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COLUMN SIX | Have tools, will fly

Unfinished home-built plane available A s an elementary school kid in the 1960s, I was preoccupied with model airplanes, and an improbable infatuation that someday, I would take to the skies in my own winged craft, soaring towards the heavens as sun

Unfinished home-built plane available

As an elementary school kid in the 1960s, I was preoccupied with model airplanes, and an improbable infatuation that someday, I would take to the skies in my own winged craft, soaring towards the heavens as sun glistened off the plexiglass canopy, the snarling drone of the propeller filling the cockpit with joyous noise.

The cost of a commercially built Cessna or Piper seemed prohibitive, so I scanned the pages of Popular Mechanics for advertisements of so-called kit planes, or home-builds. Wood, fibreglass, and metal could be shaped and fastened, bolted to a Volkswagen Beetle power plant, fitted with wheels or floats, and strengthened with high-tensile cables to create a custom flying machine, capable of sweeping me skyward, along with one daring passenger who shared my enthusiasm for adventure. All at a price that wouldn’t break the bank.

As fate would have it, my dreams of blissful flight never materialized. But one is never too old to fantasize, so when I received a call describing a home-built plane in Fonthill that needed a new home, I was quick to scamper over to Cynthia Court to meet with Beverley Parker, who was eager to have the fledgling bird moved from her garage.

At this point, I should mention that the aircraft is, shall we say, incomplete. Unassembled. Less than 20 percent built, by my estimation. The slender fuselage rests as a skeleton on the garage floor, beside the 200 horsepower, four-cylinder Honda Integra engine that was meant to power it. Rolls of sheet aluminum are strewn here and there, along with boxes of rivets — thousands of them — that will need to be stamped into the airframe, affixing the metal skin to the trusses that add structural stiffness.

I saw no wing assemblies, but Beverley assured me that they were safely stowed in the basement.

The plane belonged to Beverley’s late husband, Harry Menian, who died of leukemia in March, age 72. Harry was an engineer with a creative, entrepreneurial streak. He designed, built, and sold Tigershark sports boats out of an industrial plaza on Highway 20 years ago, through a company called Pace Marine. He was also Vice President of Operations at Fleet Aerospace, which was once headquartered in Ft. Erie, and flew a prop-driven, single engine Mooney light aircraft of his own.

“The Mooney was a fast plane,” said Beverley. “Harry used to refer to it as his sports car. He’d fly it to Chicago on business, and I would drive over to the airport in Buffalo to pick him up.”

Harry had drawn up plans to construct a home-built plane of his own design, classified as an experimental aircraft, and set to work in his garage. He called it “Spirit of Niagara,” and intended to make it unique from other monoplanes.

A design schematic. DON RICKERS

To start with, the design called for folding wings, reminiscent of the Chance-Vought F4U Corsair fighter aircraft of World War II fame. The plane would have retractable, not fixed, landing gear, and a heads-up display, or HUD, which projects instrument readings onto the cockpit windshield. The Honda engine would power a thrust blower rather than a propeller, a type of jet propulsion system. The plane would also be amphibious, capable of water landings.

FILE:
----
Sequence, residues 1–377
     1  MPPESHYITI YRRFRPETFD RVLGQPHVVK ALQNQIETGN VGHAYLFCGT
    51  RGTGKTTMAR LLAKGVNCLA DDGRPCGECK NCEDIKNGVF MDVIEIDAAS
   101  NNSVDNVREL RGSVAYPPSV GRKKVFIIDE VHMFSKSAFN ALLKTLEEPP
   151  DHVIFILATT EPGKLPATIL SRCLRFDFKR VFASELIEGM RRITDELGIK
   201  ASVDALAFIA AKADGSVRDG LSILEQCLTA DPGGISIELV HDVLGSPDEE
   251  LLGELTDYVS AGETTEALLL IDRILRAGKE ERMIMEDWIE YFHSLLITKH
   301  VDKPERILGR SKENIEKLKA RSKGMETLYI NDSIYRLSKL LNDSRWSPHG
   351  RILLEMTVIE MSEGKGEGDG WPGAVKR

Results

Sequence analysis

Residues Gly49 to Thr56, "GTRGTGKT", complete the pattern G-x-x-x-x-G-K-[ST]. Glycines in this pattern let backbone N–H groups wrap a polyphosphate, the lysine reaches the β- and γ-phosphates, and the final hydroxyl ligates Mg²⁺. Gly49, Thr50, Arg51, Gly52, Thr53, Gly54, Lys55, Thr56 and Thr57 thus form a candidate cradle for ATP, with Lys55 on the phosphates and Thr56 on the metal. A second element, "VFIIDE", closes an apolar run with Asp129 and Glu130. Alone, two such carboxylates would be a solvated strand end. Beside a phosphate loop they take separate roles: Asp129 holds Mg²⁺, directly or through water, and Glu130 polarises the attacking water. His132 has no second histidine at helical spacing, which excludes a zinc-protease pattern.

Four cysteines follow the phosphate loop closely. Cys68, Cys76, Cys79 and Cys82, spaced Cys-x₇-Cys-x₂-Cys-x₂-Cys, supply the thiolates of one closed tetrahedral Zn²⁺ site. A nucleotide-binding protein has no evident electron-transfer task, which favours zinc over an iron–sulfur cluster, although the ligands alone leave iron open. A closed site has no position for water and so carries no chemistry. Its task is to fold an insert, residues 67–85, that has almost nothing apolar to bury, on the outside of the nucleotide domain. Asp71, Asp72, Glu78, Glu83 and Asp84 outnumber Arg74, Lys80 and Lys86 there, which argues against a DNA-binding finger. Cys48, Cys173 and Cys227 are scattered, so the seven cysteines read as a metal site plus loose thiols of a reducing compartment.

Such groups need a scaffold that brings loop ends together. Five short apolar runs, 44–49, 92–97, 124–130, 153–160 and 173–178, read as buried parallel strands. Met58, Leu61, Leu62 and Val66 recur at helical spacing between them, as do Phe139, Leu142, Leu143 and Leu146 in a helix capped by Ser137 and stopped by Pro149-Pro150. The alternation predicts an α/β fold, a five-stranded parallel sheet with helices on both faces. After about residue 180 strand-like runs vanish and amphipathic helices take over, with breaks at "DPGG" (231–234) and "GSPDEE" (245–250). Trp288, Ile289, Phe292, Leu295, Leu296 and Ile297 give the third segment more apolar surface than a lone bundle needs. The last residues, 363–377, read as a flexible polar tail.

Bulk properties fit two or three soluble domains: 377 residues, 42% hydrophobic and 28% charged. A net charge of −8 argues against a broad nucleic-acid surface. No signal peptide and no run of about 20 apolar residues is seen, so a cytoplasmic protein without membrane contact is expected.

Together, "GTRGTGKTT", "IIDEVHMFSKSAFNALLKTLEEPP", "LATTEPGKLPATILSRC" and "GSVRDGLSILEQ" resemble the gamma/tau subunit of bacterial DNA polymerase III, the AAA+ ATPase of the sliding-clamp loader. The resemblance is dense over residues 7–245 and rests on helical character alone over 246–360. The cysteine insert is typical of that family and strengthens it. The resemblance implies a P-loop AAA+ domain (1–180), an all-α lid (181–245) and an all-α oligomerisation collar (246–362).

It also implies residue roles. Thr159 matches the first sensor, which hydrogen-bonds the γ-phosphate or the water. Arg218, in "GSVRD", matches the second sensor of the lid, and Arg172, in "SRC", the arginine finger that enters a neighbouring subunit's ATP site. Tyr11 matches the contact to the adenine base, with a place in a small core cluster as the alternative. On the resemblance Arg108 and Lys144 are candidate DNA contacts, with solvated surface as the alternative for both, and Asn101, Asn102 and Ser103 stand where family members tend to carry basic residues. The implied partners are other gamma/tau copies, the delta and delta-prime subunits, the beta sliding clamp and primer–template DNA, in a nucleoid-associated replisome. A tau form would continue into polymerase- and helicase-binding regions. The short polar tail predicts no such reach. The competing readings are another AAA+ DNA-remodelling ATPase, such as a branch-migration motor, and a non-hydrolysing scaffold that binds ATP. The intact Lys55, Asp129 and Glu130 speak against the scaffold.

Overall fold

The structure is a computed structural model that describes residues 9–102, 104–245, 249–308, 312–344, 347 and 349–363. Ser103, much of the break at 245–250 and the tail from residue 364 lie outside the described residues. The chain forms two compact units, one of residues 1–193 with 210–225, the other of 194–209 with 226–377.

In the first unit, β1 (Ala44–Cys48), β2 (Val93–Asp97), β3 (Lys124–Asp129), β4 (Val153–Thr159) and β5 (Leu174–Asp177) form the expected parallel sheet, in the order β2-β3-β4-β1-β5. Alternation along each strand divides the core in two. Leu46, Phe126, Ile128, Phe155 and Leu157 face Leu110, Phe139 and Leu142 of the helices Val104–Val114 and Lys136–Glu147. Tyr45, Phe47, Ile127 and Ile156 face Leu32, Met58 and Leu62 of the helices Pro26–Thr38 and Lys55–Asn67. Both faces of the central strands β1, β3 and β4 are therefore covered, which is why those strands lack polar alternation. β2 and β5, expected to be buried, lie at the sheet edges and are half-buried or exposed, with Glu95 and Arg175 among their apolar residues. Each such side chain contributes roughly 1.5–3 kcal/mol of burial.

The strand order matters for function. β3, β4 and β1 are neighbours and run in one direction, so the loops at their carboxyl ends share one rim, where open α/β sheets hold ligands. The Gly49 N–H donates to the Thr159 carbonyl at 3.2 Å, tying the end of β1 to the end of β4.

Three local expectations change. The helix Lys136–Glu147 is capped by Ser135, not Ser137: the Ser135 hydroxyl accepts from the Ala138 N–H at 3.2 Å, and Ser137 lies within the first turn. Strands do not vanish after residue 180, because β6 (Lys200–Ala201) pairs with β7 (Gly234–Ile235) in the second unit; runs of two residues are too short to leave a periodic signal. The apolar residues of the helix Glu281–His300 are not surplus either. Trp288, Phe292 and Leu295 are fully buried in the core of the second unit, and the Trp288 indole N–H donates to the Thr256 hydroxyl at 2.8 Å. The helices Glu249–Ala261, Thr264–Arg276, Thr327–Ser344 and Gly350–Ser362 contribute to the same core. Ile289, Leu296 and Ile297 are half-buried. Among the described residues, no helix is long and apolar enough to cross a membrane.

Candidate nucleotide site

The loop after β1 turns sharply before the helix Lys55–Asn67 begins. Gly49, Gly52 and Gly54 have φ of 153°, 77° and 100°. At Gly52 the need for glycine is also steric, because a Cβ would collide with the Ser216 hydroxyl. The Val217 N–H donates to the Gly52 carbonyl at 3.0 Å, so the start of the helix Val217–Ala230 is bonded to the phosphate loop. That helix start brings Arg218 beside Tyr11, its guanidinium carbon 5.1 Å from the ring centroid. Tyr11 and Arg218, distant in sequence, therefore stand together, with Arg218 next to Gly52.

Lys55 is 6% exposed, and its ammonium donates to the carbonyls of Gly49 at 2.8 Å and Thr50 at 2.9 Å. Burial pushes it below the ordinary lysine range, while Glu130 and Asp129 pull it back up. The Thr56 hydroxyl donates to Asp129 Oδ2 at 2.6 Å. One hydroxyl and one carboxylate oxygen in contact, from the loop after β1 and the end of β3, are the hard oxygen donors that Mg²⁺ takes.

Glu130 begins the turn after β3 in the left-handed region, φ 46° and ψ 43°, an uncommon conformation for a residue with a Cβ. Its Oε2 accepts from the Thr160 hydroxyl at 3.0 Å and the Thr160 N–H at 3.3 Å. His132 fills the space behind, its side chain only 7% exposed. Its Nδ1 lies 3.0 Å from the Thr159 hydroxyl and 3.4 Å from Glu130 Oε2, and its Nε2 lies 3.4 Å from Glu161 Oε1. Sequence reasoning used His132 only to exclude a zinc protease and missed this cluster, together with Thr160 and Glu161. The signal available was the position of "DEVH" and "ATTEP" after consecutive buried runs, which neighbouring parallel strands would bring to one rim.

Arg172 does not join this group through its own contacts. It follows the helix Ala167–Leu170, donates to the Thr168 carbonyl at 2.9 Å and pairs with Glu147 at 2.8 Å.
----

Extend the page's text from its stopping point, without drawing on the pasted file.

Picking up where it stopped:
With an estimated top speed of 289 miles per hour, the 1500- pound craft would cruise at 205 mph, and have a 1200 mile range. It would have tandem seating for two, with the pilot in front, and the passenger tightly packed behind in the tapered fuselage.

Surveying the bare bones of the craft in the garage, Beverley pointed to hundreds of rivet holes in the frame, awaiting fasteners.

“Harry hand-drilled every single one himself,” she said. “He even made his own tools sometimes. He was an engineer, and that’s what he loved to do. His first university degree was actually in naval architecture, and Harry designed yachts and icebreakers, and other ships. The Tigershark boats were hand-built by Harry in fiberglass. He sold six of them, but then the economy tanked in the late 1980s, and sales went stagnant.”

Waste management was another field that Harry delved in for a while.

“He didn't particularly like that kind of work, but it could be very lucrative,” she said.

Horseback riding was another of Harry’s interests, said Beverley.

“He was a doer. He loved keeping busy,” she said.

The couple moved to Fonthill in 1985. Their kids are grown and relocated to Long Branch (Toronto) and Sturgeon Falls.

Beverley said that Harry designed the amphibious airplane with intentions of flying it to their cottage in North Bay.

“He didn't like driving north, and getting stuck in traffic on Highway 400,” she said.

If you have read this far, it’s possible you are interested in making this flying dream your own, right? So the next question you’re thinking is, how much?

I'm not sure what it’s worth,” said Beverley. “I haven’t had it appraised. I'm just trying to find it a good home, with someone who will appreciate it, like Harry did.”

Send your inquiries to [email protected]


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Don Rickers

About the Author: Don Rickers

A life-long Niagara resident, Don Rickers worked for 35 years in university and private school education. He segued into journalism in his retirement with the Voice of Pelham, and now PelhamToday
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